Help needed to parallelize this program (prime numbers finder) to benifit from GPU

Discussion created by Mk4ever on Apr 29, 2010
Latest reply on May 5, 2010 by ryta1203
I already wrote a scalar version, I need help with parallelization for my graduation project

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Sorry in advance for the long post, but I am trying to be thorough to cover everything you might need to know


Note: I am attaching my code.


I am developing an OpenCL program that calculates prime numbers. The purpose is to illustrate the speed and benefits of utilizing GPU instead of CPU, for a research as a graduation project (I am an undergraduate ITC student).


I know nearly nothing about programming. So any help would be appreciated.


My environment (2 machines):

Laptop ( Mainly used,I use remote desktop often to compile and execute code on Desktop)

- AMD Turion Ultra X2 ZM-80 2.1GHz (K8 architecture, OpenCL support)

- AMD/ATI 3200 (IGP on 780G northbridge), no OpenCL support

- Windows 7 Pro x64

- Visual Studio 2008 Pro, with AMD SDK 2.01, Catalyst 10.2



- AMD Athlon 64 X2 4000+ 2.1GHz (K8 architecture, OpenCL support)

- ATI HD4670, beta OpenCL support (Made by Sapphire, VEN_1002&DEV_9490, sometimes causes problems as this specific number isn't included in ATI's driver's .inf when installing - might be relevant)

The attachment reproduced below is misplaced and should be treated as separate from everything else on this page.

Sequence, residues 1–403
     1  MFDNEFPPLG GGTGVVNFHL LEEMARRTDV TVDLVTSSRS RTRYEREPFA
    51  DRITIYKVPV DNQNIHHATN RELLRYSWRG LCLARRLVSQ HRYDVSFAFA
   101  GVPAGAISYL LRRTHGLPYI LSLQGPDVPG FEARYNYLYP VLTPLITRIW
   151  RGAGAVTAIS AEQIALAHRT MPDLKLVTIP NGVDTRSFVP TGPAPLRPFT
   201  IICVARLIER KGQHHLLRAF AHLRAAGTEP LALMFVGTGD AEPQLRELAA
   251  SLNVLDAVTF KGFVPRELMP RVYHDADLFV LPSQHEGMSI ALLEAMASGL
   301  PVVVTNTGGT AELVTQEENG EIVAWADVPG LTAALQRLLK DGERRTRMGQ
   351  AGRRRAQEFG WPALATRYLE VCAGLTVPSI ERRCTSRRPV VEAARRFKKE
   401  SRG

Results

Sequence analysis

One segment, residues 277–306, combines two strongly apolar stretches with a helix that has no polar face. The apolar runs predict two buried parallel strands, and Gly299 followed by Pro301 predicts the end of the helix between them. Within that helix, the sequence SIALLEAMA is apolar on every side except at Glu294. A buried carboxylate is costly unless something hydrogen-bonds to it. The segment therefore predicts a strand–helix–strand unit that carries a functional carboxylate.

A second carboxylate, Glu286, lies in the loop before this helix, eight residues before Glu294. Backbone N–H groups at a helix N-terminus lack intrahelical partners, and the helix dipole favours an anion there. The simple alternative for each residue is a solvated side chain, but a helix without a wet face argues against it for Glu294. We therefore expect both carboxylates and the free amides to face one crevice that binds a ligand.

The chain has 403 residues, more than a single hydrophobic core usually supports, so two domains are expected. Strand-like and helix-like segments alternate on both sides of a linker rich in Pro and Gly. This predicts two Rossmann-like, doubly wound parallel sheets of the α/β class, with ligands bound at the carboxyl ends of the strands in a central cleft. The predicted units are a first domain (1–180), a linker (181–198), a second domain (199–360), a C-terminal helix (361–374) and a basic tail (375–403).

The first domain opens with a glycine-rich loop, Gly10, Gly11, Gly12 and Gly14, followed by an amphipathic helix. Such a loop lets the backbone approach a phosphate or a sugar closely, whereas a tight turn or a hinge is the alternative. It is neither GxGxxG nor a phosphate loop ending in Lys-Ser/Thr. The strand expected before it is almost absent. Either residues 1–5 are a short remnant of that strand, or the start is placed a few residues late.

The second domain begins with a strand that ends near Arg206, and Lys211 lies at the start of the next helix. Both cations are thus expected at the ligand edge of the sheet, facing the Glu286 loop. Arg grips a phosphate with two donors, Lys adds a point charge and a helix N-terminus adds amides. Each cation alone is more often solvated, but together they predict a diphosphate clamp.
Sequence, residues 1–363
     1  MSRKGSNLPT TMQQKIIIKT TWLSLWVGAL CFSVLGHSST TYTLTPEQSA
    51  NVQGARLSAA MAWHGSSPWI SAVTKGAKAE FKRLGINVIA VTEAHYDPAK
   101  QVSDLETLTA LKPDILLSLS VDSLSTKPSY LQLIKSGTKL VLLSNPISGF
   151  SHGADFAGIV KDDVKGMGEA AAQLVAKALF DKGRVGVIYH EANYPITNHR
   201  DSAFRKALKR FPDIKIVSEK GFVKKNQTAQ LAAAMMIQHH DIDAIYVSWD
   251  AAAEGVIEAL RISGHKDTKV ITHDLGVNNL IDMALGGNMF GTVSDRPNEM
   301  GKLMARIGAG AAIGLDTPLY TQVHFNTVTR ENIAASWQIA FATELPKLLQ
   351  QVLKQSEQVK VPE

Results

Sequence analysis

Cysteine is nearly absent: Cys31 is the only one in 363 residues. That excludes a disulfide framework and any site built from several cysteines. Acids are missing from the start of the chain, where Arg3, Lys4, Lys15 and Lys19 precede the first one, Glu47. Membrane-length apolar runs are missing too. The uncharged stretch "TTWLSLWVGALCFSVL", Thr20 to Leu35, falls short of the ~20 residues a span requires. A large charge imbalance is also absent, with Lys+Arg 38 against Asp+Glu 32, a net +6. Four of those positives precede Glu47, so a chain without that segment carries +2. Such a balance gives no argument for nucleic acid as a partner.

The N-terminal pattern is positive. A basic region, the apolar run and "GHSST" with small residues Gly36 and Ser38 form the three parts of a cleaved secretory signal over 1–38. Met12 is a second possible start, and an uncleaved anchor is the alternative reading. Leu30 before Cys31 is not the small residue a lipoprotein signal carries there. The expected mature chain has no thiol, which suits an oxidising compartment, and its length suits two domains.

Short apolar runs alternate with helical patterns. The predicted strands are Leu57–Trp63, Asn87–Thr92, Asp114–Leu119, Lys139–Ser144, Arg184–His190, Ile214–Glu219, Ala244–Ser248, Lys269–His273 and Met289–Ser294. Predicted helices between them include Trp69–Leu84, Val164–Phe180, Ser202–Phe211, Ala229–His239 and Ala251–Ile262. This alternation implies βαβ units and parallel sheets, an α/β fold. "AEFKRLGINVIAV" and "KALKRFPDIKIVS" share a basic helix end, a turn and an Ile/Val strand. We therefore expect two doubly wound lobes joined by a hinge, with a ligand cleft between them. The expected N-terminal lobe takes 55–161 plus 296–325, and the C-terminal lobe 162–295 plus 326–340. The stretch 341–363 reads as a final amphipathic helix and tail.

- Windows Server 2008 R2 x64

- Visual Studio 2008 Pro, with AMD SDK 2.01, Catalyst 10.3


** My Desktop has a weird problem – reported by other users as well. I am only mentioning it just to check if it’s relevant in some way:

- Installing Catalyst 10.2 or 10.3 completes successfully, and the driver works fine, but catalyst menus never show up, and whenever I reboot my machine, or access it remotely, Catalyst software doesn’t open, giving an error message saying that my card is not supported.

- OpenCL SDK installer has no issues with installing though, no errors about the graphics card not being supported, and OpenCL samples compile and work fine

- Running OpenCL code for GPU through RDP (Remote Desktop) never works, as if GPU support has gone



Since I am not a programmer (yet), nearly all my code is copy/paste of the Introductory Tutorial to OpenCL, on AMD’s website (I tried to remove error checking and reporting as much as I could, as it’s not my target at this point). Only the code that calculates the prime numbers is mine.